Further £65m low emission vehicle funding announced

Government names 12 cities bidding for £35m fund, as well as separate £30m fund to boost local bus technology

Twelve UK cites bidding for a share of a £35 million fund to become ‘centres of excellence’ for low emission vehicles in order to boost air quality have been shortlisted by the government today (March 11).

Part of the Go Ultra Low campaign, the city scheme is designed to reward cities that “demonstrate the most potential to become internationally outstanding examples for the adoption of ultra-low emission vehicles” (ULEVs).

A bus in York, which has won a proportion of the funding

York was one of the cities shortlisted in the bidding for the cities funding, while it has also received funding to upgrade some of its buses

In addition, the city shortlist was announced alongside an al £30 million Low Emission Bus Scheme to enable local authorities and bus operators to replace existing vehicles with “greener, cutting-edge alternatives to help clean up air quality”.

Operated by the Office for Low Emission Vehicle (OLEV), the bus scheme builds on the Green Bus Fund, which ran between 2009 and 2013, delivering around 1,250 low emission buses in England.

The new three-year fund will support successful bidder in the purchase of low emission buses and infrastructure between April 2016 and March 2019, with no caps on the size of bids.

Announcing the funding packages today, Transport Minister Baroness Kramer said: “This funding is an unequivocal signal from government that we are committed to making ultra-low emission vehicles a practical and viable choice for more people. Today’s shortlist of 12 Go Ultra Low cities from across the country is an important part of our effort to improve air quality and establish the UK as a global leader in the uptake of ultra-low emission vehicles.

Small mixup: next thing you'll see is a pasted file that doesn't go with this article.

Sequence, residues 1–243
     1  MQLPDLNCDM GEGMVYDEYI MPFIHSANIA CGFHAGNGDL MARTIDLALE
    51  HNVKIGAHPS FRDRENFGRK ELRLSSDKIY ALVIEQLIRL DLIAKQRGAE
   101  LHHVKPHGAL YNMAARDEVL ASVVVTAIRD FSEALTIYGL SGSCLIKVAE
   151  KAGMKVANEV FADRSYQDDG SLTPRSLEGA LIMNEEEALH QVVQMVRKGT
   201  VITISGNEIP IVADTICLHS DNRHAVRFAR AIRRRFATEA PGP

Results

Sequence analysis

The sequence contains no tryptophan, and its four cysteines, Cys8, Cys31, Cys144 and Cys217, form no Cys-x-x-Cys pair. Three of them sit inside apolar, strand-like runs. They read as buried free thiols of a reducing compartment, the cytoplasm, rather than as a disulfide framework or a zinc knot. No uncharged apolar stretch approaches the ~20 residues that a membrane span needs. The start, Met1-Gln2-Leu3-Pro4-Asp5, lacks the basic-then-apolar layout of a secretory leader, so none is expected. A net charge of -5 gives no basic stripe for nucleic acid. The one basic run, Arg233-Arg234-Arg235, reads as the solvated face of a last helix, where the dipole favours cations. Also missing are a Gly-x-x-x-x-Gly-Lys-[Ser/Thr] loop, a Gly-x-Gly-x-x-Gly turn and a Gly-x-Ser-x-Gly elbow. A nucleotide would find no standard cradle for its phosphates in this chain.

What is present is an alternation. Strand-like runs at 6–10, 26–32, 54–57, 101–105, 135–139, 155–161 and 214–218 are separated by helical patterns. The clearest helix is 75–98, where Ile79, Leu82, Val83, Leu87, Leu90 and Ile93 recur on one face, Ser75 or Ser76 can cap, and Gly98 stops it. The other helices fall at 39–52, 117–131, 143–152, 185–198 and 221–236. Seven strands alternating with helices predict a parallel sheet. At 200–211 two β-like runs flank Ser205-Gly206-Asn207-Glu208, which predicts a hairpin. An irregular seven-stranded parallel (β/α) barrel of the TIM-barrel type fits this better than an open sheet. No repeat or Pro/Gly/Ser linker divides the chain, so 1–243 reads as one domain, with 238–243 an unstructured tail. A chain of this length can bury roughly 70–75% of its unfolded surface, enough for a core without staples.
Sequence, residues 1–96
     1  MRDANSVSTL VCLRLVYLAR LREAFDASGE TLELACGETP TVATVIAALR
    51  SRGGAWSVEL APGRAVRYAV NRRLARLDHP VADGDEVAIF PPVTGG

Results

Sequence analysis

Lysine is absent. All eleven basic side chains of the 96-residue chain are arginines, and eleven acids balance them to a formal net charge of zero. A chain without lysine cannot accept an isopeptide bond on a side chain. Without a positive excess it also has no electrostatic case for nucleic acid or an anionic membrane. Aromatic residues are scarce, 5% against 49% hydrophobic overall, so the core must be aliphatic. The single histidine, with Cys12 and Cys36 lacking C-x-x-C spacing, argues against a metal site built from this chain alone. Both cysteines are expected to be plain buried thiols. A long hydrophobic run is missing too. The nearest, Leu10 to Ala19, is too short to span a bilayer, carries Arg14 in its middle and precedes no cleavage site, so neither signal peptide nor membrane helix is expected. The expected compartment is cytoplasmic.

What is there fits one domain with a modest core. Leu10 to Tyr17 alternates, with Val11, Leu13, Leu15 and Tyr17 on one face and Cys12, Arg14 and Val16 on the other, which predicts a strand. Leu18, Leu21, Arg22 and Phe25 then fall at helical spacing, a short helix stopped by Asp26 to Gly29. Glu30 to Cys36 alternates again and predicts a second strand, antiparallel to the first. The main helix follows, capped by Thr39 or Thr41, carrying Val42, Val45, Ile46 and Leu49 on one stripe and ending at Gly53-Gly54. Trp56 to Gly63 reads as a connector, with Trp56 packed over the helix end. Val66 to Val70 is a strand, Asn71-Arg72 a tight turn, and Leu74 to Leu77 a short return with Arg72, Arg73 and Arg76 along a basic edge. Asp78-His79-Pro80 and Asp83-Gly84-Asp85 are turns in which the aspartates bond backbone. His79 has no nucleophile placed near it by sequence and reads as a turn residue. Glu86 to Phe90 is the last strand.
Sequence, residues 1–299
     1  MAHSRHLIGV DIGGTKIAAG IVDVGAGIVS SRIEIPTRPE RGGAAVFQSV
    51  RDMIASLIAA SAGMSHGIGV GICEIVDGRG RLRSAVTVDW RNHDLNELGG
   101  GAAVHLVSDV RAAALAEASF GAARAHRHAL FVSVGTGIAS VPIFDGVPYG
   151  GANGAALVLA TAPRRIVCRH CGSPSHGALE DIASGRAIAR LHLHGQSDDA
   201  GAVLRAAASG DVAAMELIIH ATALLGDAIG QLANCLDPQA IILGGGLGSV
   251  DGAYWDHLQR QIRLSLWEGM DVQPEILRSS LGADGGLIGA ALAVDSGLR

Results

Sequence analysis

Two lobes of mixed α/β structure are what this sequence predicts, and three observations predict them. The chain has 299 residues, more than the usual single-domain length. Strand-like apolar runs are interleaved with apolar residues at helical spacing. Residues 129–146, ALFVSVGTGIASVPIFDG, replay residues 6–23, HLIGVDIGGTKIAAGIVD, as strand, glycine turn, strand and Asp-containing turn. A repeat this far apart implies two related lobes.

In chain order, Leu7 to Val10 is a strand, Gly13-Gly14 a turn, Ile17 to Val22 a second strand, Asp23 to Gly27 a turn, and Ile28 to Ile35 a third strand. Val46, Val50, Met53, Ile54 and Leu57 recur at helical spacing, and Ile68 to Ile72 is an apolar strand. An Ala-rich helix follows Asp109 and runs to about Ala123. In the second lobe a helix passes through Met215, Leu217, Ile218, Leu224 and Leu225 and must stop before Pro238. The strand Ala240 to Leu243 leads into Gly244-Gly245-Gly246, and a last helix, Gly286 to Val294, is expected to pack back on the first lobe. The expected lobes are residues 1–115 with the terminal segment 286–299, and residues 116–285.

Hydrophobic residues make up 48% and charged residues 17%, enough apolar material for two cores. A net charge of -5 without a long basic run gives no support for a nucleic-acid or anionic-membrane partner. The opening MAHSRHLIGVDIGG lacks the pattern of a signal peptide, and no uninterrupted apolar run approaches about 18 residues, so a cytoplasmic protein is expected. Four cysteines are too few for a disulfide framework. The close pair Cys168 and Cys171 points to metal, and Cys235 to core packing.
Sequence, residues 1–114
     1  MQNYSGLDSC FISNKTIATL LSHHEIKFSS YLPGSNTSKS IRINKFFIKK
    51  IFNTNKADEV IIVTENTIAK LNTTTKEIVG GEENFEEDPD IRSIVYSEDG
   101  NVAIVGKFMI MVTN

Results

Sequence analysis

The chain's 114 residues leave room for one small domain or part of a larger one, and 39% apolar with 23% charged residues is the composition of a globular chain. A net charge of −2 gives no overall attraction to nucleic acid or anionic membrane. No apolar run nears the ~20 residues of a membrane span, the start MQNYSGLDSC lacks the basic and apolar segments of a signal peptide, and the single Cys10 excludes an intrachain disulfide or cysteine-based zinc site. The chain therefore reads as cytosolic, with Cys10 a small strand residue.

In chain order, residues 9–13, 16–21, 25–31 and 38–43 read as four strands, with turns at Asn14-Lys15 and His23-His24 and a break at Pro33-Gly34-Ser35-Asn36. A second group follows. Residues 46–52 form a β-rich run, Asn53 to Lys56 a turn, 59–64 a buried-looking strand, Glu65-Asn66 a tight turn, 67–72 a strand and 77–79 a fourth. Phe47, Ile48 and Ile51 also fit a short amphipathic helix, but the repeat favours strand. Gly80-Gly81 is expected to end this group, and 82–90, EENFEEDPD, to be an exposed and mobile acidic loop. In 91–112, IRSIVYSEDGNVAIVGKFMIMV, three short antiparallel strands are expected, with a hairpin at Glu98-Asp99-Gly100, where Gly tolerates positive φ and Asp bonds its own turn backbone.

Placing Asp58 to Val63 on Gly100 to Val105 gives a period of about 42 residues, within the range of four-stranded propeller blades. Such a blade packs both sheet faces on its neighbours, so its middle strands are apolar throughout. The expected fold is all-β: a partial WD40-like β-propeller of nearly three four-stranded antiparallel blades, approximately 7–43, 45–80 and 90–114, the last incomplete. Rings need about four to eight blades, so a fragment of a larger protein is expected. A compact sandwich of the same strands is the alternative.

“The additional £30 million investment in low emission buses is also a fantastic opportunity for local authorities who want innovative, cost efficient public transport in their communities.”

Business Minister Matthew Hancock added: “Our 12 strong shortlist containing cities from London to Dundee will now be whittled down to up to 4 to decide who will share £35 million of government funding. Supporting new technologies is a key part of our long-term economic plan.”

The 12 shortlisted bidders, which have until August 31 to develop their proposals before winners are announced in the autumn, are:

  • Greater London Authority
  • West Yorkshire Combined Authority
  • North East Combined Authority
  • City of York council
  • West of England
  • Dundee city council
  • Sheffield city council
  • Milton Keynes council
  • Department for Regional Development of Northern Ireland
  • Oxford city council
  • Nottingham city council
  • Leicester city Council

Welcoming the news that York council has been shortlisted for the fund, City of York councillor David Levene, cabinet member for transport, said: “York already has a proven track record in delivering and supporting low emission schemes. We want to continue to lead the way in order to deal with our air quality issues and this funding could really help us take this to another level. We’re delighted that our bid has been successfully shortlisted, which is testament to the hard work of the council over the last four years.”


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